I have a few of my own beliefs about breastfeeding immediately after delivery. I feel that skin to skin after birth for the first two hours is SO important -more important than making a big effort to get that baby to breastfeed.. MAINLY because I realize that it helps the diad – mother and baby – to recover from the birth experience, is a Win Win situation that requires no effort , there is nothing to “succeed” in – it is just a “being” situation that is beautiful for Mom and baby. And if the baby goes for the breast – great..and if not, or the breast is offered and the baby doesn’t GO FOR IT – that’s fine. .I also truly don’t like to give “instructions/ advice” during those first two special hours..I know that proper latching is important, but that mother JUST GAVE BIRTH – I could never see myself “instructing her” – maybe a little helping the baby get the nipple farther into the mouth , maybe a word here or there – there is plenty of time to help her when she is in Postpartum ward – those first two hours after birth seems like a special, quiet , almost holistic time ( having nothing to do with the fact that the baby had a natural or very intervened-with ( is there such a word?) birth, maybe even a C-Section…..I know that babies are “supposed to” “immediately” start breastfeeding beautifully – but I see so many mothers and babies that are SO content just lying there Skin to Skin, relaxing, bonding in their own special way. In the past, before I discovered the beauty of Skin to Skin ,I remember many frustrated Moms and babies doing their best to breastfeed, because Mom and Dad both knew that was the best thing to do immediately after birth…)

I’m glad that you brought the subject up – because I too am interested in how others ” do it” during that first period after birth labor/delivery ward, and am interested in any comments about what I wrote..

Close to the Heart

Leslie Wolff, Israel


Leslie, may I have permission to put your wise words on my blog. I attend only homebirths and have the same attitude. It’s the skin to skin contact and little (or big) noises of the baby that cause the uterus to contract powerfully post partum. It is a sacred time right after birth that can never be recaptured. When the mother and baby have warmth and privacy they will “discover” each other and fall madly in love. This is the best child protection method both in the short and long term. We are mammals. We must sniff, lick, coo, cuddle, look at and hear our young. In turn, the baby does many “pre-nursing behaviours”-climbing, licking, looking, hearing, sniffing. . . who knows what they are doing because it’s dark and private, remember? How do I know this? Because I had it with my own 2 homebirths. Just like sex, it has to be experienced to be believed. My mission in life is to learn how to take my interference away from the mammatoto. Gloria Lemay, Vancouver, BC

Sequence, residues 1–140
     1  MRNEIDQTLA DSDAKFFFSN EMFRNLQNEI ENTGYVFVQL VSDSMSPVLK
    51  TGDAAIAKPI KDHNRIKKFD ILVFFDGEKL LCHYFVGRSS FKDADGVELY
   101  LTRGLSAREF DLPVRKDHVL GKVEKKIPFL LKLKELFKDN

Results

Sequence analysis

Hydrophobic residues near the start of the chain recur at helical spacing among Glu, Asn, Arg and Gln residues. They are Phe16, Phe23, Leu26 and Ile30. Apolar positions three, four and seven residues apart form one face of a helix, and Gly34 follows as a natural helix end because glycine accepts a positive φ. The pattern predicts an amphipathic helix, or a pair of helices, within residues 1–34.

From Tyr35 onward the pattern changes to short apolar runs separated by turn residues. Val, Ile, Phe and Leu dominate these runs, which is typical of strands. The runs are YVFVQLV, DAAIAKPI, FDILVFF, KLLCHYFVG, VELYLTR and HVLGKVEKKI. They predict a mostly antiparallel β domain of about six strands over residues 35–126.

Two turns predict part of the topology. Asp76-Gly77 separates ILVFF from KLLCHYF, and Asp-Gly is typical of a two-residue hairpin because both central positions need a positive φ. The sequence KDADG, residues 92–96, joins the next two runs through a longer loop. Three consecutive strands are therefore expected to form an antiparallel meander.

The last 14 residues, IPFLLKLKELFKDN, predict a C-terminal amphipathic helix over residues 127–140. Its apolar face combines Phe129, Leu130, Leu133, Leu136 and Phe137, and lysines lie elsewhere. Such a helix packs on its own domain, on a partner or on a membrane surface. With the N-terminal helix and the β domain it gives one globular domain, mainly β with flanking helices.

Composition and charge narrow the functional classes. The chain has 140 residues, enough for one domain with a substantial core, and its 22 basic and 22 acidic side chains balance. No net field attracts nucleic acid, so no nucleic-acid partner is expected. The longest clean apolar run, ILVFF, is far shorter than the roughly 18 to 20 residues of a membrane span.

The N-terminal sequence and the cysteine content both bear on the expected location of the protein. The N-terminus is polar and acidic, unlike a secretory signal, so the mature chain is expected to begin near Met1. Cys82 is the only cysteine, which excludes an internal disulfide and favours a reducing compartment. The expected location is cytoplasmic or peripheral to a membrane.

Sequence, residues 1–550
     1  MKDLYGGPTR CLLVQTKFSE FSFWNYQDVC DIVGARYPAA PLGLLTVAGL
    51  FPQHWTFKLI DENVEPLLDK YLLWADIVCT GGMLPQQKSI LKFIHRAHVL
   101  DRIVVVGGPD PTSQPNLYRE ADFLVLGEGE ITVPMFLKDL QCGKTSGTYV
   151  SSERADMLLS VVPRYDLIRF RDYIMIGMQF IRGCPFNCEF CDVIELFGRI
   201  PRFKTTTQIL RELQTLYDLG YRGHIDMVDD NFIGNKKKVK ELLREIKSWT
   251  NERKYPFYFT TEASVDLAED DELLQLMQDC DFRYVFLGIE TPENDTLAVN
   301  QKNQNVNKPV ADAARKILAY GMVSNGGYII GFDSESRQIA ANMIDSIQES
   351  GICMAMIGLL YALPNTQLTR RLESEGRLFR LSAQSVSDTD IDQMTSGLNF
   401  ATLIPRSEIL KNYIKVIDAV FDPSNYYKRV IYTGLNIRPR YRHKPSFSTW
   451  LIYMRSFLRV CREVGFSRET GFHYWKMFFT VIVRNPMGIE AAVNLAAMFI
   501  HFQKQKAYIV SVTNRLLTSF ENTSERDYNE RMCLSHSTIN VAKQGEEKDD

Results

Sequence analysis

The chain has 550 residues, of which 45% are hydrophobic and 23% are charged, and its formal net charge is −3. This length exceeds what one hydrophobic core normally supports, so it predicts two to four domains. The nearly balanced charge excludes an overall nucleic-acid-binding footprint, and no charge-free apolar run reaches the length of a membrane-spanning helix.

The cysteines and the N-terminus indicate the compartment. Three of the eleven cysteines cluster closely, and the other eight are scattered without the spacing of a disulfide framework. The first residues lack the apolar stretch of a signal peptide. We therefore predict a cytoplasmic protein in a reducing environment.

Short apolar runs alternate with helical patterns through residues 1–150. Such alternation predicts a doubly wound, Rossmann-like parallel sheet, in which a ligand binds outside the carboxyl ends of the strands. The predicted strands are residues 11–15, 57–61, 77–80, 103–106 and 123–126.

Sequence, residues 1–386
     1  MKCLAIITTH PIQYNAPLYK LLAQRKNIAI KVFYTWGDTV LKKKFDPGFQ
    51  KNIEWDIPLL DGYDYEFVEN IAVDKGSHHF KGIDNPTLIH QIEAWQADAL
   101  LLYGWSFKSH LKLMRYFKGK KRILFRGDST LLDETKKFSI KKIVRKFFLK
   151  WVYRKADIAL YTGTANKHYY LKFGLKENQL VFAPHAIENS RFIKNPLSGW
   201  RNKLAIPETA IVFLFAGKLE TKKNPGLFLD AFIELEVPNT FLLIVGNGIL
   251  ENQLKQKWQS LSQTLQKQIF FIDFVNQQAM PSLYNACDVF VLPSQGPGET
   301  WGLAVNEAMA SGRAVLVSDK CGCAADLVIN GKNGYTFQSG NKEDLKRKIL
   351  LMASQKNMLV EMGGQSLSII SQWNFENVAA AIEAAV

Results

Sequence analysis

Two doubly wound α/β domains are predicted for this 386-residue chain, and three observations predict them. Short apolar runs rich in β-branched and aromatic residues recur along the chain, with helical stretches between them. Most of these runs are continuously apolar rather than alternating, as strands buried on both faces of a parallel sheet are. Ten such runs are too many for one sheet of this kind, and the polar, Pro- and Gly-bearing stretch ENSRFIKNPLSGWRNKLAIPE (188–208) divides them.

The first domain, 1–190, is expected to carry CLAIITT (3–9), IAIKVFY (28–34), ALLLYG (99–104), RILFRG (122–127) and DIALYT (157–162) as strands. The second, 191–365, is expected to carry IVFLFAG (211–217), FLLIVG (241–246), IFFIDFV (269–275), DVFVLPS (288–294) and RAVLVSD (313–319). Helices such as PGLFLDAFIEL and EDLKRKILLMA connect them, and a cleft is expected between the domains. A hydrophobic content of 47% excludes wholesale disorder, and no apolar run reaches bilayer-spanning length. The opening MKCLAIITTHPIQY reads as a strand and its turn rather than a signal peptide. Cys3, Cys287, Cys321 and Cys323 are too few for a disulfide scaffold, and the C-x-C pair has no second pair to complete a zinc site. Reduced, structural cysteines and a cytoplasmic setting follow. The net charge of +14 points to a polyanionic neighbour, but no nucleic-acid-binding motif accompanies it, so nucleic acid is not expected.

Dear Gloria – it is my honor and pleasure to be quoted on your blog!
Tomorrow I am giving a power point presentation – two lectures – one on Skin to Skin for the Healthy Newborn and the second : Kangaroo Care for the Premature – for nurses and midwives and a few doctors at a breastfeeding course in Tel Aviv ( an acknowledged course for IBCLC). For the first time I am going to take a firm stand on my thoughts about those first two hours , with the support of the feedback I got from you and others.

Linda Smith wrote me, when I mentioned to her that the words of the 4th Step of Baby Friendly put more emphasis on breastfeeding than skin to skin, and I think it should be the opposite):

From Linda Smith: “Take a look at how Step 4 is currently interpreted:

Click to access 9789241594967_eng.pdf

Step 4: Help mothers initiate breastfeeding within a half-hour of birth.
Place all babies in skin-to-skin contact with their mothers immediately following birth for at least an hour. Encourage mothers who have chosen to breastfeed to recognize when their babies are ready to breastfeed, offering help if needed. Offer mothers who are HIV positive and have chosen not to breastfeed help in keeping their infants from accessing their breasts.

It’s very clear from this interpretation that getting babies ONTO their mother’s bodies after birth is the point. What they DO once they’re touching mom’s body is up to the baby and mother. Some will latch quickly; others will take longer. Letting the mother & baby follow their instincts is key.
Our role is to STOP INTERFERING.

This is WAY more than your beliefs – the science on this is very clear!
Linda J. Smith, BSE, FACCE, IBCLC, FILCA Bright Future Lactation Resource Centre, Ltd.

So these past letters – yours and others – have come for me just at a perfect time – and I appreciate your feedback very much…